Woman drowns on Nolichucky River while on church rafting trip + Man found dead in Smokies is identified

Woman drowns on Nolichucky River while on church rafting trip

A woman on a church rafting trip drowned on the Nolichucky River in Mitchell County, N.C. when her boat capsized. The woman was rafting with a group from Odom’s Chapel Freewill Baptist Church in Bakersville, N.C. Officials have identified the woman as 64-year-old Louvella Yelton Arrowood of Bakersville. Her obituary says she served as a nurse for many years.

Witnesses say Arrowood was wearing a life vest and a helmet when she went underwater. She remained submerged for 5 to 8 minutes before being pulled out. CPR was performed at the scene but was unsuccessful. “The area where the victim went in is called the ‘Quarter-mile Rapids’ because for a quarter mile stretch there is nothing but rapids,” Officer William Boone said. “The river was high at the time of the raft flipping over.” 

Man found dead in Smokies is identified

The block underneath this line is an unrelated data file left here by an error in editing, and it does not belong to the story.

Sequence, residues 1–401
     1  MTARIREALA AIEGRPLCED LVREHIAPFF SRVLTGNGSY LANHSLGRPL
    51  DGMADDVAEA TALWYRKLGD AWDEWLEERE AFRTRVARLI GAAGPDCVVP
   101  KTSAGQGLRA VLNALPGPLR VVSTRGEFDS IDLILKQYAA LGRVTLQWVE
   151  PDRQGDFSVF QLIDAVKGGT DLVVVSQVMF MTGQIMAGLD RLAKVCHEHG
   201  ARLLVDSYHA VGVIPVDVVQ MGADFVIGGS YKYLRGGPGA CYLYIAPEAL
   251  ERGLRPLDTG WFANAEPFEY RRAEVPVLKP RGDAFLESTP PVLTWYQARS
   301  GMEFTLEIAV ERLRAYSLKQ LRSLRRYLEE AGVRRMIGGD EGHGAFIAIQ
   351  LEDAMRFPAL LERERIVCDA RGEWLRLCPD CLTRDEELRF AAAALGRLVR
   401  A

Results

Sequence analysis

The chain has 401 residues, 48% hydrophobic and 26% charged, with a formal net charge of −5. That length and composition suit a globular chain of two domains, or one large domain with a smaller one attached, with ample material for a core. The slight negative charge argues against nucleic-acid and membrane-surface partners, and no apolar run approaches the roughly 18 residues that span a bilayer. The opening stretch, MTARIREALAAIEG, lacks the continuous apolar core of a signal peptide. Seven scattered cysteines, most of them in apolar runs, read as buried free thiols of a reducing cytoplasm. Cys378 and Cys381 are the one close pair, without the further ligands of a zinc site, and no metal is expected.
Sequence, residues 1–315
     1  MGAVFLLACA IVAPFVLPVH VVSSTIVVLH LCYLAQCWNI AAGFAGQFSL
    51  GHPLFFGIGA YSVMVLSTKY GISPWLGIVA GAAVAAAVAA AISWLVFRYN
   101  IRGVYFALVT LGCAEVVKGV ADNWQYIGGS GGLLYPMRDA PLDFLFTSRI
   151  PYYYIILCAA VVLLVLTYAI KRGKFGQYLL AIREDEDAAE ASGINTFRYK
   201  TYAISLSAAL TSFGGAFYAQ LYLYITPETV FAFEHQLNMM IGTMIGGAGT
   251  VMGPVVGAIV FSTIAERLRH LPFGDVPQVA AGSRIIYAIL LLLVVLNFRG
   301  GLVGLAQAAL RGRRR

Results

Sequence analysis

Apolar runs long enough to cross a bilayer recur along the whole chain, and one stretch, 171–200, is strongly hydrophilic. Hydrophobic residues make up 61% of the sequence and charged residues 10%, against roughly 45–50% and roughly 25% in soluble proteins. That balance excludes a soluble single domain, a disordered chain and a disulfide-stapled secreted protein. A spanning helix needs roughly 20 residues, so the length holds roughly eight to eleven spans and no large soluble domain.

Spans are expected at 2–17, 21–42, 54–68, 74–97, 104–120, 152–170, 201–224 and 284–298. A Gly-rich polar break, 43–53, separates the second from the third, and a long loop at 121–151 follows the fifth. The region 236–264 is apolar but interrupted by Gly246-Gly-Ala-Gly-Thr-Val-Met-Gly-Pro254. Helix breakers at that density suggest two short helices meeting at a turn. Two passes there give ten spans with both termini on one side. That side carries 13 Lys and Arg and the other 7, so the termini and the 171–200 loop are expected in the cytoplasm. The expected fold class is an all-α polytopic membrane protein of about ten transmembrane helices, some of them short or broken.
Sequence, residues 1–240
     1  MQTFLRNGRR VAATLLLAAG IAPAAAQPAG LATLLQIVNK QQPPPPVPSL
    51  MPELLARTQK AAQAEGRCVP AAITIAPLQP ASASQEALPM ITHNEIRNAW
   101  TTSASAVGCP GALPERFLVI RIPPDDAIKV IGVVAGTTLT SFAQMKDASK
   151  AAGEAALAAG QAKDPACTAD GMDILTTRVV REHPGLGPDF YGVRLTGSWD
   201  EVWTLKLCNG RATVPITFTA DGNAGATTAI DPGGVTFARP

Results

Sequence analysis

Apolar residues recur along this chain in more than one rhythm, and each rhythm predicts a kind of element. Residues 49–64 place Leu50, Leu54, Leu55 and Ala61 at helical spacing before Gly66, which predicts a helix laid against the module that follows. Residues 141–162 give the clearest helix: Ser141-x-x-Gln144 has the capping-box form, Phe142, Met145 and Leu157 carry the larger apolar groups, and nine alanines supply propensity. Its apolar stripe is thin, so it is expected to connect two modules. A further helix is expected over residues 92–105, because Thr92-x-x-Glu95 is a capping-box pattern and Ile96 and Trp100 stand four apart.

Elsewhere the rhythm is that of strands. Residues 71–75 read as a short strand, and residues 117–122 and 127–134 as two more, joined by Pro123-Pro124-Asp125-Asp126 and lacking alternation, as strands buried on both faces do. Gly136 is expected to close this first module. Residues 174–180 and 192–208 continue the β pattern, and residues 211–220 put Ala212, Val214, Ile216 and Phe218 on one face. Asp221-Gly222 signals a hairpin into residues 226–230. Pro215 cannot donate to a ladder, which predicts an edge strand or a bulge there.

A man who was found dead at a backcountry campsite in Great Smoky Mountains National Park on September 11 has been identified as Patrick Madura, 43, of Elgin, Illinois. Madura’s remains were found near campsite 82 in the Hazel Creek backcountry area, the National Park Service said. A bear was found nearby scavenging on his remains.

A park spokesperson said that nothing is yet known about the cause of death. The bear that scavenged on Madura’s remains was euthanized by law enforcement rangers. Madura’s death is at least the ninth fatality in the park this year. 

Kentucky’s Green River stocked with 2,400 endangered mussels

The Kentucky Department of Fish & Wildlife Resources has stocked approximately 2,400 endangered freshwater mussels into the Green River, according to E&E News. Half of the mussels were placed into the river within Mammoth Cave National Park and the other half were placed farther upriver. The initiative seeks to restore the rayed bean mussel, which disappeared from Kentucky more than 40 years ago.

“The reintroduction of the federally endangered rayed bean into Mammoth Cave National Park is an important step in reestablishing this species in its historic Kentucky range,” said Mammoth Cave Science and Resource Management Chief Tim Pinion. 

Photo: Nolichucky River, Greeneville, Greene County, Tennessee. Courtesy of Getty Images by epantha

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